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By Dan Glass
Reviewed by Fiona Keating

To celebrate London Pride in July, this comprehensive and well-researched book takes you on a journey around the famous and infamous places in the capital.

There have been hundreds, if not thousands of London guides from straightforward traditional ones which highlight places like Buckingham Palace, to off the beaten track London guides.

There is a thirst for seeing more of London – the good, bad and outrageous. Dan Glass’s book Queer Footprints: A Guide to Uncovering London’s Fierce History, does just that. It’s a celebration of LGBTQ life and locations in eight whistle-stop tours. Each chapter has a very catchy title and my favourite is The Fags Have Lost That Wounded Look – Piccadilly.

Author Dan Glass founded Queer Tours of London in 2016, so he’s pounded the pavements bringing punters to East, West, South and North London.

There are maps to each walk, illustrated by Mark Glasgow with all the stopping points numbered. Each chapter is peppered with anecdotal stories of celebrities such as Grace Jones dancing on the table at Madame Jo Jo’s.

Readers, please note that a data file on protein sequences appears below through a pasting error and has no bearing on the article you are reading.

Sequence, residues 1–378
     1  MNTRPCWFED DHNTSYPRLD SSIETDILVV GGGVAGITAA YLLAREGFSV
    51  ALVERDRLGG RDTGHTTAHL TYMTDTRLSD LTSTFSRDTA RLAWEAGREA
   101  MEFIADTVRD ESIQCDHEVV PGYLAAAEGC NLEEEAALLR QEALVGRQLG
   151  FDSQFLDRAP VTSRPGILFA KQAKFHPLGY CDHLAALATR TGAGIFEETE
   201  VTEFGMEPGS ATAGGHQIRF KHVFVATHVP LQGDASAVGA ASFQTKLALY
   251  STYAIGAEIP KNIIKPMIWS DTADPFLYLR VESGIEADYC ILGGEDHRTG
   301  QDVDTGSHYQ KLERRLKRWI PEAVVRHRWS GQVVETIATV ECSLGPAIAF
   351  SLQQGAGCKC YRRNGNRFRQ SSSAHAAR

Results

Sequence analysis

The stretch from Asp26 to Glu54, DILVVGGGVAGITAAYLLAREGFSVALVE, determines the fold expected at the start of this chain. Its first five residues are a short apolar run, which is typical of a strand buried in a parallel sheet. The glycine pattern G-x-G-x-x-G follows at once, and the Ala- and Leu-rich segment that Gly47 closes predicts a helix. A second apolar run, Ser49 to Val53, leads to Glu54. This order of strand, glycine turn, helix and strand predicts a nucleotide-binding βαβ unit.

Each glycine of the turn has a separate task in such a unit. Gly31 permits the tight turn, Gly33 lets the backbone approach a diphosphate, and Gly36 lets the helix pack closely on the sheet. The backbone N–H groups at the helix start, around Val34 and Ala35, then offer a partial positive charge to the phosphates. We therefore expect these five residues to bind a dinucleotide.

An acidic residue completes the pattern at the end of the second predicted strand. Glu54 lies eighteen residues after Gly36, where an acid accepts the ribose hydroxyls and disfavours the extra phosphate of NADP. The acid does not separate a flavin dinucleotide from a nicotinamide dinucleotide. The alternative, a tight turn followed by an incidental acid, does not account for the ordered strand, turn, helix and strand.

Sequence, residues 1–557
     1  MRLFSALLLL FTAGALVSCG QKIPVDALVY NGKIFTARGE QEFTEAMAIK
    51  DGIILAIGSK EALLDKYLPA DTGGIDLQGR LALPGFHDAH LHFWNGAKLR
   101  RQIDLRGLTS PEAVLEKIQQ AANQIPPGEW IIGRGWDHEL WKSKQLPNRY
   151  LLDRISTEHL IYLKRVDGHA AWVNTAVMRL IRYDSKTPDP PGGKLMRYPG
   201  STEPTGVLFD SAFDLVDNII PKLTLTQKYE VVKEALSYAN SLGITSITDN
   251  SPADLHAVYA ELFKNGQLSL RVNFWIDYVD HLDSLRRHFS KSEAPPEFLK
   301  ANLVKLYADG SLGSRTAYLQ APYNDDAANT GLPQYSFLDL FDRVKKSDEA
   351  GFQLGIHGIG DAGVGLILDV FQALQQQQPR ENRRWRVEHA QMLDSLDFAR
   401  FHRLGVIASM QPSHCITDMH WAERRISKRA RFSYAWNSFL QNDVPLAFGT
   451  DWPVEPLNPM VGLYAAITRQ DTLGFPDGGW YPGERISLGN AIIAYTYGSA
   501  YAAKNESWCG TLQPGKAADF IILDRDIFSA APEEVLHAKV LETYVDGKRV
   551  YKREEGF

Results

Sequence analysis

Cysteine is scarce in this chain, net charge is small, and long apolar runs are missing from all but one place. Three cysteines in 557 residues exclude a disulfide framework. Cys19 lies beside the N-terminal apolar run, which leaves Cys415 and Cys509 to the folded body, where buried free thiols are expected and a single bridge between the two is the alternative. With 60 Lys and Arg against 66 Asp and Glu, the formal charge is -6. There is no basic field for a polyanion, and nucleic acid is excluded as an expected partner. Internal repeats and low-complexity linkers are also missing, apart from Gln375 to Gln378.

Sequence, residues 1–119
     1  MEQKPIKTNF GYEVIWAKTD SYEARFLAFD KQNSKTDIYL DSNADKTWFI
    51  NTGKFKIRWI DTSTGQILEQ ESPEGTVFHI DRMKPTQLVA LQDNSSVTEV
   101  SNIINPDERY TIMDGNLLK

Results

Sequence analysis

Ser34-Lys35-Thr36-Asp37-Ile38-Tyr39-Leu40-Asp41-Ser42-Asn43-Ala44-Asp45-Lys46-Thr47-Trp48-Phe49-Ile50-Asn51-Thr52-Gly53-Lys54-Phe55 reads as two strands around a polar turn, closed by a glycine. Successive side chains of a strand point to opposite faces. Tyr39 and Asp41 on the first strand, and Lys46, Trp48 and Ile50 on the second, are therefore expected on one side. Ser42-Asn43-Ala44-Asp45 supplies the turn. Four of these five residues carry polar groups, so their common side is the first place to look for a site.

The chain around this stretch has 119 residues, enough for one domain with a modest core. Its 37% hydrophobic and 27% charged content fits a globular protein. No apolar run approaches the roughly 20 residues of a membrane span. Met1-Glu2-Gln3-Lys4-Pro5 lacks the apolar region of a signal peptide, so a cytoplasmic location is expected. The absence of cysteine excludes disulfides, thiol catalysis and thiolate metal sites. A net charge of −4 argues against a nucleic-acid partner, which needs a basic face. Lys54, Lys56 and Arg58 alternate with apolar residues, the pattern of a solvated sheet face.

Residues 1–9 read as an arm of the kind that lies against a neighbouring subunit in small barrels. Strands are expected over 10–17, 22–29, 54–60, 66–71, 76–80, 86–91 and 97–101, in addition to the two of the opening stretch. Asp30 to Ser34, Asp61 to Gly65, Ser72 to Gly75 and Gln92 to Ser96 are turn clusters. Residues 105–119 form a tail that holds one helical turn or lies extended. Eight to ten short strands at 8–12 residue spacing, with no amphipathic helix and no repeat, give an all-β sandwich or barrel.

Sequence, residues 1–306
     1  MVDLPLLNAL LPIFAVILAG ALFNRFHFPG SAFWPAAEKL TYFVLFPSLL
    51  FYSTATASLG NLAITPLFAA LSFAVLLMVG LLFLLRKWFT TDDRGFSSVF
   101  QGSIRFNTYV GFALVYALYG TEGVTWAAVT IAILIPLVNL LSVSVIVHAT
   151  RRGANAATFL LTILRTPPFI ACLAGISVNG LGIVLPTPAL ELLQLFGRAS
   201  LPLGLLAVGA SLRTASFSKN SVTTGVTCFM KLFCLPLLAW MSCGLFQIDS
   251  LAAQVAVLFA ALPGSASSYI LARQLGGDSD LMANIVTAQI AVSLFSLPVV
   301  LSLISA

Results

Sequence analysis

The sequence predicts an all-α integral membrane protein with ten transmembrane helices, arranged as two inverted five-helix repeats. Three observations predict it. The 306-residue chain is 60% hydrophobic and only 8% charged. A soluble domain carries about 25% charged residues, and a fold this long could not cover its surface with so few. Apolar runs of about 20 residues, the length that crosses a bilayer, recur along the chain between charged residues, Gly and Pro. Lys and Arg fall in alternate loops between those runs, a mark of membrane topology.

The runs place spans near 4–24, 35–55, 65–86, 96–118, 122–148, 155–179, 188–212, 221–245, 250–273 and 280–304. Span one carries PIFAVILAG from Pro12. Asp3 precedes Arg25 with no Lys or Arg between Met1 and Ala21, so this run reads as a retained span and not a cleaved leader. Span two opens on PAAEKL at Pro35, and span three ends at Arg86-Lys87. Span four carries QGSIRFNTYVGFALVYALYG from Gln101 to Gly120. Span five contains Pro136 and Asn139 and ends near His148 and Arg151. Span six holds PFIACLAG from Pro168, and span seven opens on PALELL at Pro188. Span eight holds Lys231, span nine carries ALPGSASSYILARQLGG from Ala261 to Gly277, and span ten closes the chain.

Along with all the frivolity, there’s also the reality of homophobia, as in the bombing of the Admiral Duncan pub in Old Compton Street. In 1999, the pub was bombed by neo-Nazi David Copeland, with three people killed and 83 injured.

There are also the queer heroes, such as Josh Hepple, a disabled LGBTQ activist. He has done important work in asking club managers to build ramps improving accessibility as well as disabled toilets.

This book isn’t just for the queer community. It’s packed with information on all those who want to find out every aspect of London, which is a litmus test for what’s happening in the world we live in. Take St Mary's Park in Whitechapel. In 1978, a 25-year-old British Bangladeshi clothing worker called Altab Ali was stabbed to death by three teenage boys in the park.

This was during a time when the National Front were roaming the streets. Ali’s death caused such outrage that it brought together the Bangladeshi, Caribbean, Indian, Pakistani, gay and Jewish communities. In 1998, the park was renamed Altab Ali Park, and there is a memorial to him and others who have died in racist attacks.

At the back of this guide book are excellent resources and further reading, plus where to find accessible and gender neutral toilets.

In all, an informative guide which sparkles with humour as well as remembering important dates in the political history of London.